• Progress with osteoporosis clients should be slow.
  • If possible, progress your clients to standing or free sitting exercises.
  • Focus your training on their arms, back, thighs and hips.
  • Avoid additional spinal loading on exercises such as leg press or squat.
  • 1 to 3 sets, 8 to 20 repetitions less than 85% of one rep max, 2 to 3 days per week.

Working with clients that have arthritis

  • Avoid using high repetitions and heavyweight.
  • Keep your client within the range of motion that is pain-free.
  • It is possible to start out with only five minutes of exercise at the beginning and then progress from there.
  • 1 to 3 sets, 10 to 12 repetitions, 2 to 3 days per week.

Working with clients that have cancer

  • Initially, avoid heavy lifting.
  • Make sure your client has adequate rest between sets.
  • Progress your client slowly.
  • Do not use self-myofascial release for clients that are doing radiation or chemotherapy. Only use myofascial release if they can tolerate it.
  • 1 to 3 sets, 10 to 15 repetitions, 2 to 3 days per week.

Working with pregnant clients

  • Make sure to stay away from exercises in supine or prone positions after the 12-week mark.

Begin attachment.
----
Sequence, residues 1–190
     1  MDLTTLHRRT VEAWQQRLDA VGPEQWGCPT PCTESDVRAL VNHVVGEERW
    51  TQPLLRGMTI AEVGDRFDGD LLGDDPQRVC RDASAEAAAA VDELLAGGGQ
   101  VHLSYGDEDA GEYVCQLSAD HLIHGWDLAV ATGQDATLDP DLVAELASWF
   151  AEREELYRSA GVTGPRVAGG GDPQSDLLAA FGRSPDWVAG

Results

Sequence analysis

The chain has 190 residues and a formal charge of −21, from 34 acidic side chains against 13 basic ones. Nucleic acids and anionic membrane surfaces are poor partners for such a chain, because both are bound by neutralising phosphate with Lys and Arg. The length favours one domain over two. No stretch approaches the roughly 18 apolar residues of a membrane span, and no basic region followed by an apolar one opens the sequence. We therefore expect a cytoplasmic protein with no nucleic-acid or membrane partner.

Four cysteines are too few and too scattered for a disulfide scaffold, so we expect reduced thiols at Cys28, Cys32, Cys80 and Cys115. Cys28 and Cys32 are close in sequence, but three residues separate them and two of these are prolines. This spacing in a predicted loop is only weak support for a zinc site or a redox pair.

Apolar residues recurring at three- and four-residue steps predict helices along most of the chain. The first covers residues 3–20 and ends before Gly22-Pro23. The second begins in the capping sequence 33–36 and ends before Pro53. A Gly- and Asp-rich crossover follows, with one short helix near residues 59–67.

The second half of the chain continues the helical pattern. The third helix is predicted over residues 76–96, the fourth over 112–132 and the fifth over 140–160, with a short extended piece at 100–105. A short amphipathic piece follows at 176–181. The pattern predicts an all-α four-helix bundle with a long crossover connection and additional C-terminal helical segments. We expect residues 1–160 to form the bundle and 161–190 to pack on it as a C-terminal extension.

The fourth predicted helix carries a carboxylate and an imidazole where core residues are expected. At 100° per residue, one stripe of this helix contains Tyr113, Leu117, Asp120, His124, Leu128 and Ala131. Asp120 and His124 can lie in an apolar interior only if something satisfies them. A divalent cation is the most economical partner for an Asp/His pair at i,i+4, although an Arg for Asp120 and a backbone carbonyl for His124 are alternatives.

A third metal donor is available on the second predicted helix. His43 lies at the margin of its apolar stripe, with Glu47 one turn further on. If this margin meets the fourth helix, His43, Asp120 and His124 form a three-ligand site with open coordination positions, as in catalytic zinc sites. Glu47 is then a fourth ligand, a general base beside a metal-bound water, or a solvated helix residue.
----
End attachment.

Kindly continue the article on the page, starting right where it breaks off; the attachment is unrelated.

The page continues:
• Avoid self-myofascial release where they have areas of swelling or varicose veins.
  • It’s not advised to use plyometric techniques for the second or third trimester’s.
  • Do not use dynamic stretching for flexibility training.
  • 1 to 3 sets, 10 to 15 repetitions, 2 to 3 days per week.

Working with clients with chronic lung disease

  • The most important thing is to allow adequate rest between sets.
  • 12 to 15 repetitions, 2 to 3 days per week.

Working with clients with peripheral/claudication arterial disease

  • Allow for adequate rest between sets.
  • Progress your client slowly.
  • Walking on the treadmill is a preferred exercise.
  • The biggest limiting factor for these clients is leg pain.
  • One set, 8 to 15 repetitions, 2 to 3 days per week.

 

Chapter 16 NASM practice quiz

NASM flashcards for chapter 16